Fortune's Children

Front Cover
Sphere, 1991 - United States - 496 pages
4 Reviews
Vanderbilt: The very name is synonymous with the Gilded Age. The family patriarch, "the Commodore," built a fortune that made him the world's richest man by 1877. Yet, less than fifty years after his death, no Vanderbilt was counted among the world's richest people. Written by descendant Arthur T. Vanderbilt II, Fortune's Children traces the dramatic and amazingly colorful history of this great American family, from the rise of industrialist and philanthropist Cornelius Vanderbilt to the fall of his progeny--wild spendthrifts whose profligacy bankrupted a vast inheritance.

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User Review  - cathyskye - LibraryThing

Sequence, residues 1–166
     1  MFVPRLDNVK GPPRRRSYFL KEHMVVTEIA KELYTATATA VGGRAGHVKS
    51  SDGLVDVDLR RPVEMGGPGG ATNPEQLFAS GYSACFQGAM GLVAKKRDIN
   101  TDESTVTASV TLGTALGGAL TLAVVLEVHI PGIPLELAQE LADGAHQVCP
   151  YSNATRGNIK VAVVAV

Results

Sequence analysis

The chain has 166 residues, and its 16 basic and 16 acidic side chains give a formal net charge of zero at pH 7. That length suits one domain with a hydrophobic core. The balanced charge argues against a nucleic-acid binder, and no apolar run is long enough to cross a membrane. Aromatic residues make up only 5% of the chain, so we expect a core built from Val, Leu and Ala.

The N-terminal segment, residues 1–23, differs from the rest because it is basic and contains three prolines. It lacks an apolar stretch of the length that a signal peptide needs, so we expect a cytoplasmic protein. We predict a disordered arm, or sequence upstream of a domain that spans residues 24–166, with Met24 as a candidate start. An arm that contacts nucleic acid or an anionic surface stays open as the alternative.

By fair means and foul, Cornelius "Commodore" Vanderbilt built a fortune of $105 million in the mid-nineteenth century. One hundred years later, most of that fortune was gone. In Fortune's Children ... Read full review

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User Review  - briandrewz - LibraryThing

This was a first rate biography of one of the wealthiest American families, the Vanderbilts. Written by a member of the family, this book in no way shows any bias towards them. It presents the details ... Read full review

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